19 April 2011

First Gin of the Season

I can report--in an Admiral Cod exclusive--that the first G&T of the summer season was consumed this past weekend in Southern California. Here in the Southern hemisphere, where the sun shines 325 days of the year, G&Ts, madras, seersucker, and white bucks make an earlier appearance than their counterparts in the North. And for that I am most thankful. For lunch we sat in the sun on the water. As you know my gin of choice is Bombay Sapphire and has been for many years. Its striking blue colour reminds me not only of my beloved's eyes, but also of native Baltic seas for which my northern heart continues to ache. English gin produces over time a sensation of fruit bat-shit crazy, her power in my experience rivalled only by absinthe, opium, and other frowned-upon substances. After lunch we walked along the pier taking care to avoid the pigeon shit and strutting African tourists. Young surfers bobbed and weaved below us, pigging-out on crowded waves and occasionally erupting into fights, tanned blonde lads spinning in the green room. We are joyful refugees from the prying eyes of long-haired commissars from the Laguna Beach Groundnut Collective, tie-dyed and addled, whose hippy drum circles dot the coastal region tapping out a continuous death-knell to young fogey and preppy alike. Woe to those who ignore its song. In the meantime, there are cocktails to be enjoyed under the southern sun. The first gin of the season is a gift and an occasion to celebrate.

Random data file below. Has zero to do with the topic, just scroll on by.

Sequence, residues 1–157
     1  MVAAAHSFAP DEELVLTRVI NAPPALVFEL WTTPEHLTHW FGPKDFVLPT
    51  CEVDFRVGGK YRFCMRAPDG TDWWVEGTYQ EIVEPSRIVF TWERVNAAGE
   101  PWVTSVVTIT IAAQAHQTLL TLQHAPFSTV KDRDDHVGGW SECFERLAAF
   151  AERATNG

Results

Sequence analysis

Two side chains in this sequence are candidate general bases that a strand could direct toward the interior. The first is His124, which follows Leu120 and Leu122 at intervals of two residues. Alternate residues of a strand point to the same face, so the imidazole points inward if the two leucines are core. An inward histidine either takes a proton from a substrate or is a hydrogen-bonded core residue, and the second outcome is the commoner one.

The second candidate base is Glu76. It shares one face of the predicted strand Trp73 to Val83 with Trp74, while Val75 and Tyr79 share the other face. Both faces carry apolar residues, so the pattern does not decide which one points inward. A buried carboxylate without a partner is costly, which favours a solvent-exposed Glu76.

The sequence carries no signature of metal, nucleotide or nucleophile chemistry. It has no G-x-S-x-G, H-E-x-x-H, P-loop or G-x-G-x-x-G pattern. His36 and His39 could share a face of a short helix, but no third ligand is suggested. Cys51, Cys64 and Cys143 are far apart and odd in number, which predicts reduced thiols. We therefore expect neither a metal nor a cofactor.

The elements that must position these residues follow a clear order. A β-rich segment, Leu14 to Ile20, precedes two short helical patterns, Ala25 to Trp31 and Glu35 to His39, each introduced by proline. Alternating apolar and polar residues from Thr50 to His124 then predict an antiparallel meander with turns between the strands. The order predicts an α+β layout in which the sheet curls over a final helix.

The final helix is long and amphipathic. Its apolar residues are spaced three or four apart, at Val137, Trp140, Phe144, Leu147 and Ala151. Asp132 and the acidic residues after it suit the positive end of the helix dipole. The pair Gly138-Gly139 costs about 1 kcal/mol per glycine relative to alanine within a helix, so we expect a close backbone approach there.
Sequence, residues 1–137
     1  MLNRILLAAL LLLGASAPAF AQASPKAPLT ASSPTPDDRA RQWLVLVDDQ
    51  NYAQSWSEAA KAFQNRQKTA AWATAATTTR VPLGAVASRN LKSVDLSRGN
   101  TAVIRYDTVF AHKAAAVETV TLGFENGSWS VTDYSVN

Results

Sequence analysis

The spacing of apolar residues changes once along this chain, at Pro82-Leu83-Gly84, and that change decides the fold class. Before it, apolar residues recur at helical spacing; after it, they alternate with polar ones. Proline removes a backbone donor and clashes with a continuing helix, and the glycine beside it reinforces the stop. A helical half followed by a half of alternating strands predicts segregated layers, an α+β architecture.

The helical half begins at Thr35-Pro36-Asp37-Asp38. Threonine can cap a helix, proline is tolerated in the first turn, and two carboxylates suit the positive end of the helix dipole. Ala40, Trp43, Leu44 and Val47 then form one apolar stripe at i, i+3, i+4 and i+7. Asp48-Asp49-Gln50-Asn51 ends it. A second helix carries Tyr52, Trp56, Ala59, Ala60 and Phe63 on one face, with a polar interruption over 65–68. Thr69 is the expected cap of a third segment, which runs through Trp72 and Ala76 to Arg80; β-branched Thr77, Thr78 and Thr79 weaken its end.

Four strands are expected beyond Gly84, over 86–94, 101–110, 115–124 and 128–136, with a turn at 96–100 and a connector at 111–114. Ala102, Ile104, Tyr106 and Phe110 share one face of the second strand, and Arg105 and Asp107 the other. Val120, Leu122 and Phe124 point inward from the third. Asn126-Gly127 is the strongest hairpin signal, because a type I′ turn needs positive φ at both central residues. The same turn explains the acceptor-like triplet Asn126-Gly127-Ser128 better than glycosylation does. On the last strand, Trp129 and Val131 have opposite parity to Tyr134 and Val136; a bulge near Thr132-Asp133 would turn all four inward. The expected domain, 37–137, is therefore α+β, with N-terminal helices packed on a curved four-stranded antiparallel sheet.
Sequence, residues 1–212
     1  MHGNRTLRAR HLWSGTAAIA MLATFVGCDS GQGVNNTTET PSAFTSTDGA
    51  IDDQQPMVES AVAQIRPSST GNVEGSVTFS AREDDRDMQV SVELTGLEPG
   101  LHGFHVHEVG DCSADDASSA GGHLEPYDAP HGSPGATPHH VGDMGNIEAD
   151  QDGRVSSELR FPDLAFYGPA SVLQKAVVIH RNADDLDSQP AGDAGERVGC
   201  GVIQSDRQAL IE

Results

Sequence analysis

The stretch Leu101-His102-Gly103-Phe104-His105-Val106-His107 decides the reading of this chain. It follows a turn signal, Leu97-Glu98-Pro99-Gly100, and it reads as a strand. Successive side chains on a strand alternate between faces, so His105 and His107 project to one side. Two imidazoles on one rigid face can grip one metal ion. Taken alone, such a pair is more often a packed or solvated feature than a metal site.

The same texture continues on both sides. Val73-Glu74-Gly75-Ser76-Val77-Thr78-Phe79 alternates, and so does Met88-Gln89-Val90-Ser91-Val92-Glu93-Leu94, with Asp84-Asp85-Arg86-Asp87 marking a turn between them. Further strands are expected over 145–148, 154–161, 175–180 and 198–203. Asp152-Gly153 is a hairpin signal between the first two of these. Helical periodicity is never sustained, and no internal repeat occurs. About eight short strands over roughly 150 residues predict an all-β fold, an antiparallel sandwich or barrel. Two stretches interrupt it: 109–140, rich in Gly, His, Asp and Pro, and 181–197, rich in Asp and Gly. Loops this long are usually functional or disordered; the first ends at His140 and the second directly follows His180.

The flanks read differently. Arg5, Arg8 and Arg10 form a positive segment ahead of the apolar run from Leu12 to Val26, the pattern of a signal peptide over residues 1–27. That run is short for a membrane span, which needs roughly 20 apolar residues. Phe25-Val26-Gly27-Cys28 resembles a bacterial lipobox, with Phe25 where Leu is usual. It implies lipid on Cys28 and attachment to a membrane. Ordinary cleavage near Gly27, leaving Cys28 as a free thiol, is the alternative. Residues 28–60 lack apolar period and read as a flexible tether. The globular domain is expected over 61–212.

A.E.F. said...

Admiral, As Northern Protestants observed Palm Sunday with (appropriately) dessicated and faded imported palm leaves, it's good to know Southern worshippers were celebrating a more gratifying festival.
Terrific writing, as always

Derek Warren said...

Hear, hear, Good Sir! I am on the next plane to Southern Cal, for, alas, if I waited for the sun to shine in my clime, the sweet seduction of juniper berries would not be mine.

tsb said...

Admiral, the sun shines 325 days of the year only if you count the sun peeking out for an hour or so during the day. My experience is that the Huntington Beach-to-about-Trestles coastline is among the most socked in, marine-layered, dreary-weathered coastline I have experienced in California, and I lived there for 13 years, in addition 5 up north. Seems that you, too, may have imbibed the mass-hypnotic kool-aid that makes all southern Californians think that their massive spending on sub-par housing, traffic jams, and terrible schools is all worth it. Try Denver - 330 days a year, with no excuses!